The word, in the Tico vernacular, means some equivalent of cat-calls or wolf-whistling. It’s pronounced “pee-roh-pohs“.
When we first arrived to Costa Rica and sat through our first lecture of the semester, the profesoras warned the girls (and guys too, because sometimes, it happens) about piropos. The profesoras said that girls who were visibly lighter-skinned and fair-haired were more likely to be cat-called. The slang term for someone lighter is macha for a girl, and macho for a male. The teachers told us that a lot of students think that (for men) being called macho is a compliment, but here, roughly translated, it means, “Hey, White-y.” It is also a rough equivalent to the many blonde jokes in the United States, where someone would say, “Jane, you’re so blond,” here they would say, “María, eres tan macha.” The day that we went all over the city, we were supposed to check off if we received any piropos. My group didn’t, and I think it was because the other girl and I had dark hair and eyes, and looked less American than did our group-mate Dustin, who’s 5’8″, blond-haired and blue-eyed. He definitely stood out. But, as he was with us, it probably looked as though the other girl and I were showing him his way around the city.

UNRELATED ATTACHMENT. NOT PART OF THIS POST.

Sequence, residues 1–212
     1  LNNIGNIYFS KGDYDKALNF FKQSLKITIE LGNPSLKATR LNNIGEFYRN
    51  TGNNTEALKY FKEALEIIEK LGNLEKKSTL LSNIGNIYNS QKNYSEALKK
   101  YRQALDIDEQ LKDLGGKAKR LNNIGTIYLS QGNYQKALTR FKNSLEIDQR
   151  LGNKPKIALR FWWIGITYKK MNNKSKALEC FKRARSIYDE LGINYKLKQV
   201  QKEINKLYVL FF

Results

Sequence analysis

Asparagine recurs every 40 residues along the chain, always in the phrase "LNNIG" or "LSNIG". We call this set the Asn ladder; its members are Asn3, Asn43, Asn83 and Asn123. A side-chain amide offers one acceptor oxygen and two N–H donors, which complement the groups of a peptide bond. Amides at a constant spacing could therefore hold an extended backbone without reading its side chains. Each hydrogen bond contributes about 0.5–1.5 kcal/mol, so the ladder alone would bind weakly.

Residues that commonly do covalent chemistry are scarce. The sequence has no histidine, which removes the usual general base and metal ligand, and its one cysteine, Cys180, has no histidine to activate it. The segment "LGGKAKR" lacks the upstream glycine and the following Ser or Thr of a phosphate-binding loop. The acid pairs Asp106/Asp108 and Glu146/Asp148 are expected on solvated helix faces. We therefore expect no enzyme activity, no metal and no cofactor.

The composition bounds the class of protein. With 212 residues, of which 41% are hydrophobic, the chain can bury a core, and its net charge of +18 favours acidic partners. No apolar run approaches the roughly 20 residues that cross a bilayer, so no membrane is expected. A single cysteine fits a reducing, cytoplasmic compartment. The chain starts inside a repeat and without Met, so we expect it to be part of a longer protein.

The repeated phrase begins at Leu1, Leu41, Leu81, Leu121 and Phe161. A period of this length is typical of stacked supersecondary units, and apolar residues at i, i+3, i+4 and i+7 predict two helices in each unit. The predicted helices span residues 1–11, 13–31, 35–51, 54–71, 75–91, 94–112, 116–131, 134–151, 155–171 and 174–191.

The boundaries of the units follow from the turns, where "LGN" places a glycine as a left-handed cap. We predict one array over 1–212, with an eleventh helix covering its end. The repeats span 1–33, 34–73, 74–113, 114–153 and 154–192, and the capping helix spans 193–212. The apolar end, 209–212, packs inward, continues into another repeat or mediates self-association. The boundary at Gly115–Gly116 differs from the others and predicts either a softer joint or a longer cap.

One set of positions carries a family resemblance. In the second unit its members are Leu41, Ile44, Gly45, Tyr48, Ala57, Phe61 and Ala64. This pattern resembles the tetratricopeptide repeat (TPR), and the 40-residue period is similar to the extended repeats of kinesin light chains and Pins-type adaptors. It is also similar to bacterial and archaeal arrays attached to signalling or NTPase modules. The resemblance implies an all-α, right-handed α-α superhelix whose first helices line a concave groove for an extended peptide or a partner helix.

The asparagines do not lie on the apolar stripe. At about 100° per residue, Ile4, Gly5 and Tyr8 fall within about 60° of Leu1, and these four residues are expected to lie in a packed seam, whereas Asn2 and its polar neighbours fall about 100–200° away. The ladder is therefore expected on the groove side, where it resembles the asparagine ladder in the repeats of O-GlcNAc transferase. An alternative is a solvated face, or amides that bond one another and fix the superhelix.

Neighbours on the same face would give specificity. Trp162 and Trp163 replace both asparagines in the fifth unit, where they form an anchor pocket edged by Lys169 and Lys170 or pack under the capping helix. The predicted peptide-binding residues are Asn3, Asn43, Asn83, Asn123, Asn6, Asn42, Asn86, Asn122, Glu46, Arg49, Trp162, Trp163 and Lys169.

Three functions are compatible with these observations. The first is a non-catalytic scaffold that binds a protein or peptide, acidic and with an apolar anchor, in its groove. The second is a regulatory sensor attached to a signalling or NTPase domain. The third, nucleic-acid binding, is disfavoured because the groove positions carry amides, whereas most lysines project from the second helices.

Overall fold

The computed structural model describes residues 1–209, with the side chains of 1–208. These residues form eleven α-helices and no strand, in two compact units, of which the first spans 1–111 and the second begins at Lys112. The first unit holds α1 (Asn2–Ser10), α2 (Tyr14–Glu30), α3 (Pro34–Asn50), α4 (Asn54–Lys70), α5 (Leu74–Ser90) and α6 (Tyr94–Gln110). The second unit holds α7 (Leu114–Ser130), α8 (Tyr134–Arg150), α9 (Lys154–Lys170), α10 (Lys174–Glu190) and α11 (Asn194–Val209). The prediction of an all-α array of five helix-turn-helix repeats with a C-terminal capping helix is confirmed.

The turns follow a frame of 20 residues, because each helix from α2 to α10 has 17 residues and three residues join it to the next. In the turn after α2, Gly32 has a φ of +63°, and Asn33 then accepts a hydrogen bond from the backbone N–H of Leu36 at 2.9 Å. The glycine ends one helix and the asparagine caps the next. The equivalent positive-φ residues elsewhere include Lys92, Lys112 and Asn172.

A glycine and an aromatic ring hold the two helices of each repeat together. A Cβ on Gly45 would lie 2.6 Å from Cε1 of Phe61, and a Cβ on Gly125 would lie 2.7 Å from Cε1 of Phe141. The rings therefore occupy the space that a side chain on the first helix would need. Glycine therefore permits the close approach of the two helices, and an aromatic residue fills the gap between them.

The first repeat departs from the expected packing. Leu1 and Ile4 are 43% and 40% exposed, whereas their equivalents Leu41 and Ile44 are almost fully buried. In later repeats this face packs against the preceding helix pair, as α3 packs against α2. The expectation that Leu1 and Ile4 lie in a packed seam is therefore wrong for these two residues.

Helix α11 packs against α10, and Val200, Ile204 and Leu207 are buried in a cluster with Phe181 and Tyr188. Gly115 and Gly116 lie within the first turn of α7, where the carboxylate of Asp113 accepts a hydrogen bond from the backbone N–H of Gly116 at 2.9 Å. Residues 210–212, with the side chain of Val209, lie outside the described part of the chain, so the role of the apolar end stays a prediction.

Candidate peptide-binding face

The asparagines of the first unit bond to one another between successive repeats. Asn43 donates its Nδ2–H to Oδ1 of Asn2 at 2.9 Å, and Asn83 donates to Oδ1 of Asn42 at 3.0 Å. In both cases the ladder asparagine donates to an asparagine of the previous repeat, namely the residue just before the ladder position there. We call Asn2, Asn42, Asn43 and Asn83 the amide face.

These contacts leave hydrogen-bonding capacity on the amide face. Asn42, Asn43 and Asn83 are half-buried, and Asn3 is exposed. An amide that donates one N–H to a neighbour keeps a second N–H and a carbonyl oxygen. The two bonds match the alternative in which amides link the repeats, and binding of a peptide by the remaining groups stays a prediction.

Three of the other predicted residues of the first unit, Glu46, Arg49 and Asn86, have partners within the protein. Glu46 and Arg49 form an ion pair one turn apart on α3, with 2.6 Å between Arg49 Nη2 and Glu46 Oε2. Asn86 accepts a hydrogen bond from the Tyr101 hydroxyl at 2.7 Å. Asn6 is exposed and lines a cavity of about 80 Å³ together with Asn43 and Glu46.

Also, we were advised–I take that back–forbidden from reacting in any way to the piropos. If we react, the men (usually it’s men) would take that as a challenge and pursue us. Physically, I mean. We were warned that it would turn ugly, which is why they tried to put us into groups with one male each. A male in the group ensures some sort of protection, even if he is outnumbered by the females. I will remember to write on the male presence tomorrow.
Good night everyone!